powershell

Telling somebody to “Use Powershell” is all fine and dandy.    Telling me it’s easy is wonderful too…

But… uh… where do I start?

As a Network Administrator there are tasks we perform on a regular basis.   The fine details overall change for each one of us, but I believe personally there are just some things we’re ALL asked to do.

Now I’m going to be referring to a set of tools from Quest software called the ActiveRoles Management Shell for Active Directory when working with Pre Server 2008R2 environments and the newer built in ones from Microsoft.  Which should you use?  The choice is obvious. 

If you have at least one Server 2008R2 controller in your Active Directory, I highly recommend the newer ones if you have the option.   All of the management is done through ports 80 / 443 since they leverage WS-Man (Web Services Management).  Failing that, the free Cmdlets from Quest will allow you to manage even a Server 2000 Domain from your workstation.

GET-HELP Obiwan

The most powerful Cmdlet in Windows Powershell (In my lowly opinion) is GET-HELP

Within Windows Powershell if you need Help on a Particular Cmdlet you need only key in

GET-HELP Cmdlet; # For basic help

You’ll also have three additional options to work with.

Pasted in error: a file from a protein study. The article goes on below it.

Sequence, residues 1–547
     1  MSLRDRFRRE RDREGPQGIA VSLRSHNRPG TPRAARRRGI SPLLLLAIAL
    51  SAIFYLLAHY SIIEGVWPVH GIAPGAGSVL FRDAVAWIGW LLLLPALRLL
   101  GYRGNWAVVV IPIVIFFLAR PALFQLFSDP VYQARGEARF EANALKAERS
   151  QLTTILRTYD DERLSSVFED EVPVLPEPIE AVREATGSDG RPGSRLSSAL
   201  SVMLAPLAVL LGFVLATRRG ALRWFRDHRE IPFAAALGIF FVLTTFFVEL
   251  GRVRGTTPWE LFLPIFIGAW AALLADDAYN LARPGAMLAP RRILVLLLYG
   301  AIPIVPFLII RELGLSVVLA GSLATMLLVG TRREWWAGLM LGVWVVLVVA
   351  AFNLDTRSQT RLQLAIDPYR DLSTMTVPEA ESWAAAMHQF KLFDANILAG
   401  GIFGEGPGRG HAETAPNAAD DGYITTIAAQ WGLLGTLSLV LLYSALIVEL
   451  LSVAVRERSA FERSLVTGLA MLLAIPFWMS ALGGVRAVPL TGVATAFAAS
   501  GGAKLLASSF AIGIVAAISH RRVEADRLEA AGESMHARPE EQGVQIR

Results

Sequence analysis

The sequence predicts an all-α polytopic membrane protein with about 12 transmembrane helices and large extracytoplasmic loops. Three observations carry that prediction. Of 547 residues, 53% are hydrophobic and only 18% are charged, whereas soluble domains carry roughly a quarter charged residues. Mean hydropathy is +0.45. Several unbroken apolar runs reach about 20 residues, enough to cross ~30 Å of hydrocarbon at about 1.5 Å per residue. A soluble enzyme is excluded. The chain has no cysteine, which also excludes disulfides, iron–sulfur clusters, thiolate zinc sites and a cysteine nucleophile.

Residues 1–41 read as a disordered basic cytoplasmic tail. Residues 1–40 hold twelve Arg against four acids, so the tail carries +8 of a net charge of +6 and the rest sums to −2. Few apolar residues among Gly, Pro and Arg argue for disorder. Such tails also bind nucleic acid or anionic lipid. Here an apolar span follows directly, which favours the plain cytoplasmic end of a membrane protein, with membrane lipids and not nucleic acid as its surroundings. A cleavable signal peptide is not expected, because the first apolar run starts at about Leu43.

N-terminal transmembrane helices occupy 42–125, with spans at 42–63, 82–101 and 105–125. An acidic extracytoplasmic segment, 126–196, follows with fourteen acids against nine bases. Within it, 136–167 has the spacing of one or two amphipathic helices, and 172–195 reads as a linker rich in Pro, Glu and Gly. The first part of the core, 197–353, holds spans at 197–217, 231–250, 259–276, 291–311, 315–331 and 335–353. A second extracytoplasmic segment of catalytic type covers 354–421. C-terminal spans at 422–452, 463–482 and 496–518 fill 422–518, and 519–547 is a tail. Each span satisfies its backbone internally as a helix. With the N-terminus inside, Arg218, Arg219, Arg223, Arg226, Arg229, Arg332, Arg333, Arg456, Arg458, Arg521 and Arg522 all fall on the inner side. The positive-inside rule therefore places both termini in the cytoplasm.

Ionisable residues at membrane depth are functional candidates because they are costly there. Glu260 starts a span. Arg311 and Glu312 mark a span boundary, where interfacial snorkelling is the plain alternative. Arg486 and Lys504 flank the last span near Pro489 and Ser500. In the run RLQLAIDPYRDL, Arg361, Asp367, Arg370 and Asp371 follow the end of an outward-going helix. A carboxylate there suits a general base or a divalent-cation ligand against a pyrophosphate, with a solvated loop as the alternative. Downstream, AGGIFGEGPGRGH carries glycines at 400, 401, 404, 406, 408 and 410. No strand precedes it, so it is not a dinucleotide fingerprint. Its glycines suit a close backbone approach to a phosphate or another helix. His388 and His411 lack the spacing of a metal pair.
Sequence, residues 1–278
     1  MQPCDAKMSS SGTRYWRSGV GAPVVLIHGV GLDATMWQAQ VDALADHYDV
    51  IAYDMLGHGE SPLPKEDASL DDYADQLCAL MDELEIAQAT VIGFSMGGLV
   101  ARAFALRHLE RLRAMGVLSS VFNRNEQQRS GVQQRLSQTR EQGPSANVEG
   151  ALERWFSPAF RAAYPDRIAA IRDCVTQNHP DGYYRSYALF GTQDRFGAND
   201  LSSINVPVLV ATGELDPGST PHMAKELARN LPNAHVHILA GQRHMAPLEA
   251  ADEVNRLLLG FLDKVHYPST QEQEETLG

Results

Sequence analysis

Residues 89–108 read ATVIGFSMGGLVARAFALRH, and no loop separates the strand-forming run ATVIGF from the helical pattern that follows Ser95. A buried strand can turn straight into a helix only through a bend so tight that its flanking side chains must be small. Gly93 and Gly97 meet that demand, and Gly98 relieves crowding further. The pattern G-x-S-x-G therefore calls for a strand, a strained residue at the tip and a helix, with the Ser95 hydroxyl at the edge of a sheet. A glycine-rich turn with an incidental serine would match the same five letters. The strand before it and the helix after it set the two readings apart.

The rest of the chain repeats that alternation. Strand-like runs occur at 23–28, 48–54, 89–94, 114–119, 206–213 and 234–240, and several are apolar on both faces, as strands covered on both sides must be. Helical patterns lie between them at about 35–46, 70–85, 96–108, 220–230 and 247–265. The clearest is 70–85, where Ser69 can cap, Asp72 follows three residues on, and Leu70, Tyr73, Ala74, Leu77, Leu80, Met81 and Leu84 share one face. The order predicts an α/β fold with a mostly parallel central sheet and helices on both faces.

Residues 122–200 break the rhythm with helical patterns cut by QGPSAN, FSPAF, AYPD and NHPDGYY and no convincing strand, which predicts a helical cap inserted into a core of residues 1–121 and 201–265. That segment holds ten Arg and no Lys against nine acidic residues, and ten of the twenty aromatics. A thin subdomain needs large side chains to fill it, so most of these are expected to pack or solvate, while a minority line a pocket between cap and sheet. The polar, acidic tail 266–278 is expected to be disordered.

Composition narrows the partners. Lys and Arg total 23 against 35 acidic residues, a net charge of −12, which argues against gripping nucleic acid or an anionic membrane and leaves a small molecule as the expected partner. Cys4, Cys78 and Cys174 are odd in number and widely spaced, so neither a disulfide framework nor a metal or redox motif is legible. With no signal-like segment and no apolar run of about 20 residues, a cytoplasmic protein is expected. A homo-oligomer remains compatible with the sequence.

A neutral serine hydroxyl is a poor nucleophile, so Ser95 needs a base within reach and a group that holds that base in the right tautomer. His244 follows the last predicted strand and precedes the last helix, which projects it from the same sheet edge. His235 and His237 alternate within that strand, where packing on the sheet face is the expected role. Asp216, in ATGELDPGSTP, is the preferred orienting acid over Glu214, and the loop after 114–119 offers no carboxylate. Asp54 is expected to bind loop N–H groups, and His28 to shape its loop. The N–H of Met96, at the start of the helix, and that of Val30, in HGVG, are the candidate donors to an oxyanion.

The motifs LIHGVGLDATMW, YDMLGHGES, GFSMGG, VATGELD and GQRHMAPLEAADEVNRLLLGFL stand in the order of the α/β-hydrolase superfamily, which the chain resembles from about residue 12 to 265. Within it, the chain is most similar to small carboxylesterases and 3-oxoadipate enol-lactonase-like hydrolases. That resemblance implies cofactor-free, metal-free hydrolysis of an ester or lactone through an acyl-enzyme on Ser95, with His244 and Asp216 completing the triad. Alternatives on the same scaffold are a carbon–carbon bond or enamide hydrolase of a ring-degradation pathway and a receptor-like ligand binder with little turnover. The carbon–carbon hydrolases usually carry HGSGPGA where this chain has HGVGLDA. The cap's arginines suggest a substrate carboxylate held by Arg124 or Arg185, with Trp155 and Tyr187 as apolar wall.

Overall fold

GET-HELP Cmdlet –detailed; # Detailed instructions about the Cmdlet

GET-HELP Cmdlet –examples; # Sample code of how to use the Cmdlet

GET-HELP Cmdlet –full; # the WHOLE uninhibited manual for the Cmdlet

GET-HELP Cmdlet –online; # Brings you DIRECTLY to the Technet site with the current docs and COMMUNITY support

Example

GET-HELP NEW-ADUSER –examples –online

Trying to learn “about” something in Powershell?  Here’s a built in list of manuals that go into programming, looping and some beefier (and sometimes not so beefy) goodies.

GET-HELP about-

In order to get a complete list of topics.   I highly recommend using the Windows Powershell ISE and key in F1 for help.  For new Windows Powershell users, it may be an easier way to find what you need… and print it Smile

What’s Available here?

Knowing what is available to your in a particular Windows Powershell session is key to knowing how to play and extend it.

GET-MODULE –listavailable

Will show you what modules are presently installed on your PC.   You can easily add ANY of them in using

IMPORT-MODULE ‘ModuleName’

GET-COMMAND